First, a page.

their interest rate. All of the agencies have some kind of a streamline
refinance program. This would by-pass churning by an originator; it
would by-pass penalizing a broker or lender who is not involved in the
borrower's refinance. The six-month rule is a good one, but it should
not be created to punish a company that helped a borrower get a lower
rate, and has nothing to do with the current payoff and new mortgage."
(Of course there are lenders out there that do not charge a penalty for EPOs. I have no intention of publishing a list of those that do or don't, but, for example, Republic Mortgage Home Loans does not.)
this note from a well-placed source: "In the real world, when FNMA
receives an Early Pay Off from a cash window transaction, they simply
debit the lender's FNMA trust account. There's of course a bill for
accounting purposes, but it isn't a conversation - there is no pleading.
It is funny how the whole investment community expects that an asset
should last longer than just a couple of months. (Sarcasm font.) I
would bet that if there are lenders out there with longer periods, it's
to account for the time that it takes the lender to purchase and to
complete the loan sale and shipping process (up to 60 days plus FNMA's
120 would make 180 days, although most loans are sold much faster)."
this from a money manager I know, "Lenders, and their originators,
should not think that they can place a loan in an MBS security and have
it escape the EPO metric. Wall Street regularly looks at the issuers of a
security, and also at the prepayment that the particular issuer's
securities have experienced in the past. There
is a premium for securities sold by issuers who have good prepayment
track records and a market price penalty for issuers whose securities
pay off quickly."
was this note from a servicer. "Talk to the lenders out there about the
huge number of payoffs that they receive in day 12 through about 160.
Brokers and originators know the various policies out there, and they
engineer their closings to avoid the EPO recapture fees. That doesn't
make it any less of a negative economic event for the investor who paid
1.25% SRP, expecting to get that .25% servicing fee for the next 6-8
years, and instead, they are only able to capture a whopping .125% for a
loan that pays off at month 6. For
every loan that you appeal to the investor at day 117 on the basis of
"come on... it was only 3 days....can't you give us a break because it was
so close to the cutoff", there are probably 10 more that paid off on day
123. So if you're willing to have the investor come back to you for
loans that pay off at day 123 (on a 120 day EPO period), then maybe an
equitable arrangement could be met for your 117 day payoff."
And Robert Pieklo, SVP Secondary Marketing with American Financial Resources, contributes, "Remember that with Fannie and Freddie the LLPAs are not considered when paying an EPO. So,
for example, if you have a loan with 275 bps of LLPAs, and you sold it
to Fannie and the gross price on the commitment was 106, one would have
received 103.25 in premium when sold. If it were to EPO, you would still
will see a lot of flux this year in the industry, and yesterday was a
good example of that with news from Astoria and with Green Tree.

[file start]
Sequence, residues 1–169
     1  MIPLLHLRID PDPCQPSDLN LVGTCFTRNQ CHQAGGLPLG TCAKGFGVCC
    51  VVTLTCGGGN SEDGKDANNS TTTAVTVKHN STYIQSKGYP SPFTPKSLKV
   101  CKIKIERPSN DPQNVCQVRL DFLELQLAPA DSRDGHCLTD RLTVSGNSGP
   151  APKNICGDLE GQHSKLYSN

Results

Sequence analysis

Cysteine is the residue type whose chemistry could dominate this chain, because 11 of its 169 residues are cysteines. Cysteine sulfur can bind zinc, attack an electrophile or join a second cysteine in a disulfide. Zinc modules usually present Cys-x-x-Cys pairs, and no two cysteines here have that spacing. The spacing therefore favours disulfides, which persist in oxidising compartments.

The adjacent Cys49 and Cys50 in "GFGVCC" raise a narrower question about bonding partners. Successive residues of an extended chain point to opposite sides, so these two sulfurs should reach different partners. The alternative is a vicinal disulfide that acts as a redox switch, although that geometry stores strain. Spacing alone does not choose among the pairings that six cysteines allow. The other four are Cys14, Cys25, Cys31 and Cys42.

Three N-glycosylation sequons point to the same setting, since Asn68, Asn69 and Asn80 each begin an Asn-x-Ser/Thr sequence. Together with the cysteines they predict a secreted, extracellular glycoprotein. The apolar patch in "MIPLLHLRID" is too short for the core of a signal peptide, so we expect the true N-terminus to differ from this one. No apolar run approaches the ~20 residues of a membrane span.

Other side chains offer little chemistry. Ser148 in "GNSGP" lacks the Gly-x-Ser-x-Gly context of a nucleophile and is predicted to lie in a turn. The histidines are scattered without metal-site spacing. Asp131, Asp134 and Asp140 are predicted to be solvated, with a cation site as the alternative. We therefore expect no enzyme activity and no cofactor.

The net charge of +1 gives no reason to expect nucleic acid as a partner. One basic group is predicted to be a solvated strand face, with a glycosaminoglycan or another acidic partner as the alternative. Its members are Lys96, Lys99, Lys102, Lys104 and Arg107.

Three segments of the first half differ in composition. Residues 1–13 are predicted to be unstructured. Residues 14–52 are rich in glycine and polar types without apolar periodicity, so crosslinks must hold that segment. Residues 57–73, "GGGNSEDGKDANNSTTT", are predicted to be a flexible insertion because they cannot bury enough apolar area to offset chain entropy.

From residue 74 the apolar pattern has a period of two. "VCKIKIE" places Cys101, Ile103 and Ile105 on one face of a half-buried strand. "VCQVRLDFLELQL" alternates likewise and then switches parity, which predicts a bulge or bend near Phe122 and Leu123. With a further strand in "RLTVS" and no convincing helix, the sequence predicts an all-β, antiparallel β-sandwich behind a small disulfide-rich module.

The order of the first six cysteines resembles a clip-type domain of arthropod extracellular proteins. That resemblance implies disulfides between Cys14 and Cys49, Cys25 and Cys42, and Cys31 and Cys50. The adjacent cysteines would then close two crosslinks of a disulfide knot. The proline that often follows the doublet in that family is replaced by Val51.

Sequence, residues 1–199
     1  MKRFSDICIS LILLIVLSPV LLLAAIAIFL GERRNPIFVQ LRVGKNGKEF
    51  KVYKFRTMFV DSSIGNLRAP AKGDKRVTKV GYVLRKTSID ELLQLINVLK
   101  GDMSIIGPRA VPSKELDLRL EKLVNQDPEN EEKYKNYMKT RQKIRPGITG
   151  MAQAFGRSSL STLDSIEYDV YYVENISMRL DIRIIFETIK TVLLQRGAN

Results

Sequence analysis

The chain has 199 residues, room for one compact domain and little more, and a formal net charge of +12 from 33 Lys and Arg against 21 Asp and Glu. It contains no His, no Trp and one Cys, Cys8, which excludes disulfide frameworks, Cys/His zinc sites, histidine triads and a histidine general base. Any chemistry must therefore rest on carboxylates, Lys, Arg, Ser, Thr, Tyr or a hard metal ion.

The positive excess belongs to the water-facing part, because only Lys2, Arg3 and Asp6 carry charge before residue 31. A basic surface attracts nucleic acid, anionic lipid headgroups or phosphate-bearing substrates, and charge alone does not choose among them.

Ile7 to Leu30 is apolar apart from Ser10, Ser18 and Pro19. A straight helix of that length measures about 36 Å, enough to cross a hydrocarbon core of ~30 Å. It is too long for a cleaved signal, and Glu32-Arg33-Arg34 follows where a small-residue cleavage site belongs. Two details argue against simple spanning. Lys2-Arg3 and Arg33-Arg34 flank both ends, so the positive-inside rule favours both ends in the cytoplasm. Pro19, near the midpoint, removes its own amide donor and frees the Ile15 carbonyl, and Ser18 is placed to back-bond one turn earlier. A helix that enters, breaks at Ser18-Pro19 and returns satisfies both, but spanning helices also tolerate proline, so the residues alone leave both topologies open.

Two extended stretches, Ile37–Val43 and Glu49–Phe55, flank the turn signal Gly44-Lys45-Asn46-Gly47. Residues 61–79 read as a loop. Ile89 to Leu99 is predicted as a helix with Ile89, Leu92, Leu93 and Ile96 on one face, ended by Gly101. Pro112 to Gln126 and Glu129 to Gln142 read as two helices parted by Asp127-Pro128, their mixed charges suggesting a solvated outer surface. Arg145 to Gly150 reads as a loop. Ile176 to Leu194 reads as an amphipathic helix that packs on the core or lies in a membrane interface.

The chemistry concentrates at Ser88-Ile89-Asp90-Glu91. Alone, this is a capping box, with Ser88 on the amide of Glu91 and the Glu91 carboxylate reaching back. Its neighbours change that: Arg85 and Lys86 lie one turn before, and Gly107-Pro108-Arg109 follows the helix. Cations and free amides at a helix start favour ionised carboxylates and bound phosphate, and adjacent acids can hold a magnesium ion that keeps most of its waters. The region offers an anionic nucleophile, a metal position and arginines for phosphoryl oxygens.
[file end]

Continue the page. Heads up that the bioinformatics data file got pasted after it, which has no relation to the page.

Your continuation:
Astoria Financial Corporation,
the holding company for Astoria Federal Savings and Loan Association,
the second largest thrift depository in New York State will be expanding their correspondent lending footprint
to include Northern California (San Francisco, Marin, San Mateo, and
Santa Clara counties). Astoria Financial is a portfolio lender known for
its "competitive ARM pricing and exceptional customer service." Please
contact Chris Blake for further information: firstname.lastname@example.org.
"After much consideration, Green Tree Servicing LLC has decided to exit the Wholesale mortgage lending business. This decision was very difficult for us as we value the relationships we have built throughout the years, but due to shifts in the current market and regulatory environments,
we have decided to focus our business lending resources on
concentrating and improving our core Correspondent lending channel. We
will continue to support both delegated and non-delegated
Correspondents. In addition to best efforts, individual mandatories,
rate sheet forwards and live trades, correspondent customers will also
have access to AOTs and bulk deliveries in the near future. As we
implement this change, all wholesale loans in process must be locked on
or before February 11, 2014 and closed and funded on or before April 16,
2014. Rate lock extensions may be granted, according to current policy,
provided the extension does not exceed April 16, 2014. Green Tree will
honor all loan commitments as it winds down its Wholesale pipeline of
approved loan requests."
Rates have done well this week, and this year, so we shouldn't complain if they want to take a breather.
The 10-yr. note and agency MBS prices all dropped/worsened by about
.250-.375, and the 10-yr. closed at a yield of 2.62%. There is probably
more focus on the weather than on the markets. This morning we've had
the ADP employment data for January, always of questionable validity
since it doesn't include government payrolls, that came in near
expectations at +175k. (January has the largest seasonal adjustment
factor.) The Mortgage Bankers Association released its weekly report on
mortgage application activity - almost unchanged from the prior week.
Later we'll have the January ISM Non-Manufacturing figures, as well as
the details of the Treasury's Quarterly Refunding (next week's auction
of 3, 10, and 30 year securities). For numbers, in the early going, the 10-yr is back to 2.60% and agency MBS prices are better by nearly .250.